Fouled Well Test Results Expected Soon

(Gillette, Wyo.) The Wyoming Department of Environmental Quality has completed its testing of private wells around Carlile and will be releasing results to the public by the end of the month, said DEQ spokesperson Keith Guille.

Last October, the DEQ held a public meeting in Moorcroft over concerns of wells running dry and the water rising in acidity. At the time, they were seeking permission from private well owners to test the water in their wells in hopes of determining the source of the problems.

These problems began after the city used hydraulic fracturing stimulation to increase the water production at the wells in the Madison Field, which supplies water to the City of Gillette. The process uses water, sand, and a small amount of chemicals, which include acidic chemicals.

There’s no conclusive proof the problems with the wells in the area are related to the city’s activity at the Madison well fields. It is one of many possible causes, and it’s unclear whether the source of the problems will ever be determined for certain.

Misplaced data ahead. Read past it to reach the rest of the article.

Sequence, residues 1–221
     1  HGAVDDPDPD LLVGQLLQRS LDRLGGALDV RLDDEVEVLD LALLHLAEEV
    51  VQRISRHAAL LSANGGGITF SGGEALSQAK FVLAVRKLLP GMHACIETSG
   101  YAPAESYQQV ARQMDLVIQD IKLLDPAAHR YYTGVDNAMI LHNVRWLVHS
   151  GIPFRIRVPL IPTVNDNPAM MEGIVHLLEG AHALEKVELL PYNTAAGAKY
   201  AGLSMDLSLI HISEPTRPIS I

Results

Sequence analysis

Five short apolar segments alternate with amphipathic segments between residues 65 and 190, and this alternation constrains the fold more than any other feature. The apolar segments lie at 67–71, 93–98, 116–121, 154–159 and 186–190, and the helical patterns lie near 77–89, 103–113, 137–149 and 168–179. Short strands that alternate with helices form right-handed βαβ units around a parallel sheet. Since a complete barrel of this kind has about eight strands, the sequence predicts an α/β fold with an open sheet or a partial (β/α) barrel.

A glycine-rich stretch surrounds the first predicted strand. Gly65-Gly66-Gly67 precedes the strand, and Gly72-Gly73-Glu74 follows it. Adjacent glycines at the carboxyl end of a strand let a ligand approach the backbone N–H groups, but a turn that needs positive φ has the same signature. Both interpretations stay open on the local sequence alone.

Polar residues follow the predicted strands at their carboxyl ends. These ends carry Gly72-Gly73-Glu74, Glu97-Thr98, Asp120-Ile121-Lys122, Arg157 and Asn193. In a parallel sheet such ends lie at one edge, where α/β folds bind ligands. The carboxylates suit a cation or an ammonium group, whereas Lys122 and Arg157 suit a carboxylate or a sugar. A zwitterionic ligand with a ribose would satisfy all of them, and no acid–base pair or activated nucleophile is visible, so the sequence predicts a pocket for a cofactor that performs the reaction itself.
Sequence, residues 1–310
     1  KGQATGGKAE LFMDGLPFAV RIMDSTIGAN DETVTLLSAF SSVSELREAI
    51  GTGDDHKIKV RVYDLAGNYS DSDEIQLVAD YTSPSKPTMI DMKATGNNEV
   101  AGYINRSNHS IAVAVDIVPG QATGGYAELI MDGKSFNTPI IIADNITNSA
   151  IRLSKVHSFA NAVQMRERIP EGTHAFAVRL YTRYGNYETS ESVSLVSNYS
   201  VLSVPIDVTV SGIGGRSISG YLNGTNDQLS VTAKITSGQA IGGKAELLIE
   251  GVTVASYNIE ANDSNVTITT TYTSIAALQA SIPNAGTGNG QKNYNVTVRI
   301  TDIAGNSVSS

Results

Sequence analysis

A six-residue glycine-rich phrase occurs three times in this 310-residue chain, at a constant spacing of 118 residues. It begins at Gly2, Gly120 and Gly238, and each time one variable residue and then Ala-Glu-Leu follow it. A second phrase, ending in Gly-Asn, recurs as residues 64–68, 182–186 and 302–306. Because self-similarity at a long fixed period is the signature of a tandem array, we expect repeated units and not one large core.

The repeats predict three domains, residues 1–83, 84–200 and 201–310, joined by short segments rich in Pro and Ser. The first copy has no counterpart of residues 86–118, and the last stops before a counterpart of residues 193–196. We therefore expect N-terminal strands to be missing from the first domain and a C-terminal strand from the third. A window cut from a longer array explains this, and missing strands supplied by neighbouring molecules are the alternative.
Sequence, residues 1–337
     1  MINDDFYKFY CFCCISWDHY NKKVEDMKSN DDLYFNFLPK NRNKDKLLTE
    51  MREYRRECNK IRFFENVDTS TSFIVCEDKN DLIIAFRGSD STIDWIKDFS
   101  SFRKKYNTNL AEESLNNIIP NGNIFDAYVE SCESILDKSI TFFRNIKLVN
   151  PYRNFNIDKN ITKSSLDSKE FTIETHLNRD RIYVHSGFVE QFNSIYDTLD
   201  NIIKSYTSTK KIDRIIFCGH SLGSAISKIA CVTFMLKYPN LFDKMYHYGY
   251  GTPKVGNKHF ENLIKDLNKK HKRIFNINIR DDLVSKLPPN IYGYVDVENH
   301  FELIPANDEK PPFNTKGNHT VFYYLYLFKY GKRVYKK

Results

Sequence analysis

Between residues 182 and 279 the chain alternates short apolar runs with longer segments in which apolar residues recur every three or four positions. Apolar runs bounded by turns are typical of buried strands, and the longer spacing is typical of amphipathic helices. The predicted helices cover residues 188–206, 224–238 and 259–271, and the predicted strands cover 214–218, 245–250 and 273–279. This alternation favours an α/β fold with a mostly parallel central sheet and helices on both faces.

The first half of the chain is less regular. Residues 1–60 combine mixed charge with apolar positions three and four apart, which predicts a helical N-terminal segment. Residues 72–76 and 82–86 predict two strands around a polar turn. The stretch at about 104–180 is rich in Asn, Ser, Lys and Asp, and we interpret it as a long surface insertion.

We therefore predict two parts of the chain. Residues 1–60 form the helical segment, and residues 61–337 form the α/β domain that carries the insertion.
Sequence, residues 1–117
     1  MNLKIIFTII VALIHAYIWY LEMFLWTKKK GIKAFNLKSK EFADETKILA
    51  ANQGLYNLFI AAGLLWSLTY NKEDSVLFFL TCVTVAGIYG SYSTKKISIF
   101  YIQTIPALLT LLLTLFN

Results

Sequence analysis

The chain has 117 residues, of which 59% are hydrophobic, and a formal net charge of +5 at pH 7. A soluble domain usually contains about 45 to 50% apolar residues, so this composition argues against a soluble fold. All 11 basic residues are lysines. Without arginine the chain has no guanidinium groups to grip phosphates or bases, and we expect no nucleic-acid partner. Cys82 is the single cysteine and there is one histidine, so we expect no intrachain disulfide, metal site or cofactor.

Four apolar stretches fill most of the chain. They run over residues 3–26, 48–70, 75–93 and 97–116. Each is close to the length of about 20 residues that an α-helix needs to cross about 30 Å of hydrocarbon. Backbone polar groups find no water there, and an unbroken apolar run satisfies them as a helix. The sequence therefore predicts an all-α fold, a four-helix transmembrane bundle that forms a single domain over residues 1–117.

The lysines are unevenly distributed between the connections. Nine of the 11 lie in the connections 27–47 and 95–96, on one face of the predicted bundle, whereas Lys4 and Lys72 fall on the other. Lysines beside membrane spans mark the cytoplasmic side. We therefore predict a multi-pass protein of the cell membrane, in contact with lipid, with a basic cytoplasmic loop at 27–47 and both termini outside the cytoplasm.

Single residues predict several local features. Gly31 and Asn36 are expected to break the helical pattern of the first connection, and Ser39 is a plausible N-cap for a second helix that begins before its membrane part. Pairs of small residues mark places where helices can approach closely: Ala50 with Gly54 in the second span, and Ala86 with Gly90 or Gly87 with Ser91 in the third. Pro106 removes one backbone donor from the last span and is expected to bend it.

Michael Cranston has a well right near the well fields. Last summer, his well went dry. He drilled new wells, only to have the water come out with an acidic taste to it.

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There are four houses near Cranston’s, and he said they all lost water. They’ve since been drilling new wells and hauling their own water. He said the water around the area used to be clean and clear, and they never had problems before last summer.

“I remember when I was young, I used to watch the deer come in and drink. Now they won’t go near it,” he said.

At the time of the October meeting in Moorcroft, the DEQ said testing would take four to six weeks. A total of 53 private wells were tested, according to Guille.

Guille said the testing was all done in-house, and the technicians can only test about a well or two a day. And that can only be done after coordinating with the landowners for permission to test the well.

“It takes time to do,” he said.

Originally from New Mexico, Killough began his career writing freelance for a weekly magazine in Albuquerque while completing his undergraduate degree. In addition to reporting on uranium mining in western New Mexico, he spent three years reporting in western North Dakota during the height of the oil boom. He can be reached at or 701-641-6603.